The idea of return is very common in the field of for profit investment ... but less so in the area of philanthropy and in public sector initiatives. The concept is simple ... an amount of money paid out now produces a flow of money back in the future ... a return.
In practice there are many ways to do the calculation. The different ways of doing the calculation reflect different priorities.
Return on Assets Employed. Return on assets is the best metric of the alternative 'return on' choices. From a pure economic performance perspective return on assets reflects the return that is beoing achieved by the deployment of resources, and is not affected by financial issues like the mode of financing and the related leverage. It is similar to Return on Capital Employed.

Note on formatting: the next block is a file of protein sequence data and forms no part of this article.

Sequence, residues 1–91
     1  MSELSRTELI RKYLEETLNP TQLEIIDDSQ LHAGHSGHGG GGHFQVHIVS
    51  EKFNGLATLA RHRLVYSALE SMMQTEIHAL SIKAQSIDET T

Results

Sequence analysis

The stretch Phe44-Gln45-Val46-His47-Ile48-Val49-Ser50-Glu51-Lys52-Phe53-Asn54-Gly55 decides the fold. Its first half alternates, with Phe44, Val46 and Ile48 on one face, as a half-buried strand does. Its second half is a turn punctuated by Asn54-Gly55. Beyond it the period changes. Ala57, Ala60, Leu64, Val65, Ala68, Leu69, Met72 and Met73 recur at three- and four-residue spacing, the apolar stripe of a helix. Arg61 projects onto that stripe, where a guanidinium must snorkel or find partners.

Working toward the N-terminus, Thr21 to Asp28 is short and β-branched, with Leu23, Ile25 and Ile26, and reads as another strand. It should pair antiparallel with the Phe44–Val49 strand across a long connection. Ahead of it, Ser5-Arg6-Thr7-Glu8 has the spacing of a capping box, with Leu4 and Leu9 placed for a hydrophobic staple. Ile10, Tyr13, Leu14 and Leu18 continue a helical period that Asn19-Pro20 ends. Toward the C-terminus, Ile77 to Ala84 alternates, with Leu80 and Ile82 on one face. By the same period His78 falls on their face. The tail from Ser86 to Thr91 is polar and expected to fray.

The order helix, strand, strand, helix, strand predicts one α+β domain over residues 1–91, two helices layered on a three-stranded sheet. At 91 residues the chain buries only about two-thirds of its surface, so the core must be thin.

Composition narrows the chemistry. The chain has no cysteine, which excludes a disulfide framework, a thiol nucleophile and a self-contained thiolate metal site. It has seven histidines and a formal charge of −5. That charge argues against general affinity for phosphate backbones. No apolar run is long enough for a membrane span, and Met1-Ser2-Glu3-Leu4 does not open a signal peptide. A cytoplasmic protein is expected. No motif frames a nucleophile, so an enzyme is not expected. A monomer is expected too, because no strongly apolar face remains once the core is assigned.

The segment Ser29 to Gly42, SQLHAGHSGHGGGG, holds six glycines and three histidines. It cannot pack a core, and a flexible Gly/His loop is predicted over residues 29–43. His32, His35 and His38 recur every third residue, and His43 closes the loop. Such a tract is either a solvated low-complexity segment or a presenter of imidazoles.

Return on Investment. Return on investment (ROI) is probably the most common and is used to measure results from the perspective of an investor. ROI is not a good measure of performance from most other perspectives, especially where financial leverage is being used to improve reported ROI. When profits are positive, financial leverage improves the ROI, but the same leverage with losses becomes catastrophic.
Return on Capital Employed. Return on capital employed (ROC) is a better measure of performance than investment. It measures how much revenue and profit are generated relative to the amount of capital being used, that is, the equipment and machinery, etc. (fixed assets) and the inventory, receivables, etc. (working capital). ROC eliminates the financing costs and leverage and provides a measure that is most closely related to real, that is technical, productivity.